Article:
In order to fully appreciate, both intellectually and emotionally, that and how broadcast news reached its present nadir - and also how glorious it was during its peak -- spend an hour and forty-five minutes with a fine facsimile of Edward R. Murrow.
As we do every year, we are pre-empting our regular "Friday Talking Points" column, in order to bring you our "best and worst of 2015" list.
It is important for the public to take a stand here and turn off MSNBC in droves to show they cannot be taken as fools. Anchors should be deserving of high esteem and the public's trust. How can anyone trust Williams now?
Carly Fiorina has a big problem with the truth. More specifically, she has a problem with embellishing the truth, in a manner very reminiscent of disgraced NBC anchor Brian Williams. In what is becoming a pattern, Fiorina takes what is true, and adds made-up embellishments (lies) to it, for dramatic effect.
In light of the upcoming presidential campaign and a potential Republican president, there is a strong need for a consistent strong liberal voice to even the playing field of advocacy journalism, which reports the news from a biased slant.
As the father of two daughters, I have seen my ranking in the "Most Trusted Dad" category plunge faster than the Chinook helicopter Williams never rode in.
In the days and months to come, much will be said and written about Brian Williams and his first utterances to Matt Lauer on Friday's Today Show about his suspension from anchor chair at the Nightly News.
Honesty and integrity are all you have in the news business. I lost respect for Brian Williams, but not because he lied. I lost it because he refused to honorably resign.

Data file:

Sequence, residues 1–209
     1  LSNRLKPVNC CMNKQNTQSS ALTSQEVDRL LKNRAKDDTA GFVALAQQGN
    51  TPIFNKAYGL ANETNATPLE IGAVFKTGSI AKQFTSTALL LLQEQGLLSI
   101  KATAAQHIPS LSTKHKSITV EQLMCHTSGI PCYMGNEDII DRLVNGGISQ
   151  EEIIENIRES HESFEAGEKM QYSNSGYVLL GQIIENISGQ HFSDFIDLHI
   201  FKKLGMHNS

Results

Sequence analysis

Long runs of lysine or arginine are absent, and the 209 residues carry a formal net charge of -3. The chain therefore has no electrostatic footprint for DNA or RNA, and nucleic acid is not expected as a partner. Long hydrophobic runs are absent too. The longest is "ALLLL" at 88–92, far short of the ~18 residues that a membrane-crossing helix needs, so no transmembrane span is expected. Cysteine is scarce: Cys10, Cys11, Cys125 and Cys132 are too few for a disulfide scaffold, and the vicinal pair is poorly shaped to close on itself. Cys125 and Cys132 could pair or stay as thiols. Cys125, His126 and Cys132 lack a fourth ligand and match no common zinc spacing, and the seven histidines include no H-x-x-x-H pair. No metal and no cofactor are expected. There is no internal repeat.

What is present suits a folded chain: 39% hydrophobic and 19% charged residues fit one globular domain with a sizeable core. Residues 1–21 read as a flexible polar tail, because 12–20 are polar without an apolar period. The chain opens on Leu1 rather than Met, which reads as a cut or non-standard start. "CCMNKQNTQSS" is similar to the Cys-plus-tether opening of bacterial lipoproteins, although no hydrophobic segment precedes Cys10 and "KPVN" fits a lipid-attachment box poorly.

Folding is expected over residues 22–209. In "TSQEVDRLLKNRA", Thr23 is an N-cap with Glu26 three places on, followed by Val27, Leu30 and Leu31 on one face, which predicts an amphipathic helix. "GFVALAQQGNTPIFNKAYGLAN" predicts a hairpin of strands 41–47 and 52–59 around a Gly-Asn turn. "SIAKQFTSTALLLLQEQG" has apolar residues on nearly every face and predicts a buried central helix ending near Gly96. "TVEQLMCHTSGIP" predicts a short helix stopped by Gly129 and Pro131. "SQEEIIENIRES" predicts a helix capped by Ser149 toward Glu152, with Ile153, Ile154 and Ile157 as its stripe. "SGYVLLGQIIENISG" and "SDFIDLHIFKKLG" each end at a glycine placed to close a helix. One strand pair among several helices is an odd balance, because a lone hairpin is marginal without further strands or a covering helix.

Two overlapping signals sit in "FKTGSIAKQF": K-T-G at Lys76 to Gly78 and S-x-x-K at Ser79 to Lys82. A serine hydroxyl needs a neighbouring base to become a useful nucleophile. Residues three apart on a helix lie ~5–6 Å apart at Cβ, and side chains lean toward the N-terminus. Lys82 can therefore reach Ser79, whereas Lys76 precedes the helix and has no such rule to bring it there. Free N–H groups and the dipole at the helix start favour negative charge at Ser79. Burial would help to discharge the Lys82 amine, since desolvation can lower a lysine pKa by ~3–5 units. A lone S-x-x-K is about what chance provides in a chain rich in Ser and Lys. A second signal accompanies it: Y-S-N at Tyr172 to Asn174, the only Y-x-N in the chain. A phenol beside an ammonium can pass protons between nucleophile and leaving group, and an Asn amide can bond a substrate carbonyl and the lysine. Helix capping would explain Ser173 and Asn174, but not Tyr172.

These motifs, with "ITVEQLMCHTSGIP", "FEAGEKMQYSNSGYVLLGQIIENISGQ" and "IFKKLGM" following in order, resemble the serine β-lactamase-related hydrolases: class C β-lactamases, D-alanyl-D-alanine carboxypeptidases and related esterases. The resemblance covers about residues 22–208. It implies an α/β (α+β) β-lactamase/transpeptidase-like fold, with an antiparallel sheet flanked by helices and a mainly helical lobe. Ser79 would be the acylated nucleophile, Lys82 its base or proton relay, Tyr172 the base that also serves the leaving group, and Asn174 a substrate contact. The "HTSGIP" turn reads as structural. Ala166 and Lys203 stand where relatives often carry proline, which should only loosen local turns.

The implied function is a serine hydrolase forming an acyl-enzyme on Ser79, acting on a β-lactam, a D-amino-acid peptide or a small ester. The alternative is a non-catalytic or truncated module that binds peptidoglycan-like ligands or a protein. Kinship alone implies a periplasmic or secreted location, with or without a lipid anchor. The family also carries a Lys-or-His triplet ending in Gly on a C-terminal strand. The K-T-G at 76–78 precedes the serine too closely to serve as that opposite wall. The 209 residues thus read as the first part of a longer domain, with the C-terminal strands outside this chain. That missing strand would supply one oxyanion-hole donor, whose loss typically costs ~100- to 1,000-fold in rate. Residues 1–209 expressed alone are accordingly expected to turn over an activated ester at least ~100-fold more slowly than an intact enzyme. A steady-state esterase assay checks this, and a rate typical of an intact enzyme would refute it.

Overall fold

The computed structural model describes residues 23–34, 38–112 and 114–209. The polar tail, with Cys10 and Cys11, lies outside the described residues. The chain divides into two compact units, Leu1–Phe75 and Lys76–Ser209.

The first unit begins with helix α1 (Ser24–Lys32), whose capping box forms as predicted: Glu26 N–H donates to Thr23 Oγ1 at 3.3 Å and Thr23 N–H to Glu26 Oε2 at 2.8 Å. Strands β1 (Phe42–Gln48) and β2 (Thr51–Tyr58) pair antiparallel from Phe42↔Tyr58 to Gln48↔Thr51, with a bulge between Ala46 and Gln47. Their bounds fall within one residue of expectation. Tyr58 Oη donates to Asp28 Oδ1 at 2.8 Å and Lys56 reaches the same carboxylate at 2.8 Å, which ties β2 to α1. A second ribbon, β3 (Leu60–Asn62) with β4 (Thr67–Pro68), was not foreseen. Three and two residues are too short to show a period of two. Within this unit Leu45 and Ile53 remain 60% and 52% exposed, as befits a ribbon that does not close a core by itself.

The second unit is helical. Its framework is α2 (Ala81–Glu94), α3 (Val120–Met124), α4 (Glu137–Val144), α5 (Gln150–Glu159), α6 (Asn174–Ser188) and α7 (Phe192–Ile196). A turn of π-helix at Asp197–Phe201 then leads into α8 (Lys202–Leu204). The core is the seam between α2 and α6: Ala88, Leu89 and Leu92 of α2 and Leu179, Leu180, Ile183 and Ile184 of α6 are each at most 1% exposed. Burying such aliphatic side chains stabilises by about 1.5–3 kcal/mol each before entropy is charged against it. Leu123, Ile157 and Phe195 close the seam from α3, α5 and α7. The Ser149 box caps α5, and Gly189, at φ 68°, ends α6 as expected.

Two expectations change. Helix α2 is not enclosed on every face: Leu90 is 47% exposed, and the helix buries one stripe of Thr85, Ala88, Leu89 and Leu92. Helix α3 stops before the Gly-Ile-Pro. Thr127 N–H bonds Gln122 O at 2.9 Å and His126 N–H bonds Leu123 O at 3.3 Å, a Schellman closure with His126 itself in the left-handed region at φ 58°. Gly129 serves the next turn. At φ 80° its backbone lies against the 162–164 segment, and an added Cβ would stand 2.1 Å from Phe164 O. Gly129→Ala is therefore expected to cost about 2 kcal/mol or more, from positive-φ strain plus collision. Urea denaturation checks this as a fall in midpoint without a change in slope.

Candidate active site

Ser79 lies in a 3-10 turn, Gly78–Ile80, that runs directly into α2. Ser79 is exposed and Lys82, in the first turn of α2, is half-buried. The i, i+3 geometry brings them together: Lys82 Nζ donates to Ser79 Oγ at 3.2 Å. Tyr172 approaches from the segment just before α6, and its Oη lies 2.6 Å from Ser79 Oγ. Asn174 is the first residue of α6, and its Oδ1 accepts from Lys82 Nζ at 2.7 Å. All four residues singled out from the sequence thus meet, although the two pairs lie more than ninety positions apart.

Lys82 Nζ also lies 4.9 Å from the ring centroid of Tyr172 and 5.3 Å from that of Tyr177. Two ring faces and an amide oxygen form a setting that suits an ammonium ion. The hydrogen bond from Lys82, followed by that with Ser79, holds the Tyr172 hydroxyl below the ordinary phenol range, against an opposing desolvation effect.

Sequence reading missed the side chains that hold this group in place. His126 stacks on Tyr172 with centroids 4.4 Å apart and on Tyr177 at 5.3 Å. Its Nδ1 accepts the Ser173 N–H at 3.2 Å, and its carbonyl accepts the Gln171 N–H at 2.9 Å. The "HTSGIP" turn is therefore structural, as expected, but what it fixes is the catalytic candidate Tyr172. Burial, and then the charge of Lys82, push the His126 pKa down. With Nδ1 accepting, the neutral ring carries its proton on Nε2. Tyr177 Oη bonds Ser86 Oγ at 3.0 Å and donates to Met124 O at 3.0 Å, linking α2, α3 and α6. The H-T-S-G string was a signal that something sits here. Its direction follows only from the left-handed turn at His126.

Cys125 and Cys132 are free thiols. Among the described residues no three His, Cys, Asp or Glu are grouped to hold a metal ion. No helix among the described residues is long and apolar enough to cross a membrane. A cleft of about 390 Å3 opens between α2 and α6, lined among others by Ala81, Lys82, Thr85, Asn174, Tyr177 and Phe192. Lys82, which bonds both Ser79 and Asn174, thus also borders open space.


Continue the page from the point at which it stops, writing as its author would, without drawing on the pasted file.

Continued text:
A sincere apology by Mr. Williams confessing the litany of deceptions with full responsibility is a sin qua none for forgiveness. It is a far cry from being enough to give him any job back. Tigers don't often change their stripes. His reinstatement is a sad comment on society. Dollars and cents are the daggers that trump integrity.
No doubt, Mr. Williams' bad judgment unleashed a fury of controversy. The blood bath that ensued was definitely Emmy award-winning but was it justified?
It's not Brian Williams' fault. He was asked to do something he was not equipped to do -- journalism. He wasn't a journalist. He was a great on air talent. That is no crime.
Cable may not have the cachet of broadcast, but cable is a whole lot more exciting and challenging than broadcast. Nightly News on broadcast NBC? Think about it. It is 22 minutes of reading the news and usually reading what others wrote. Exciting? I don't think so.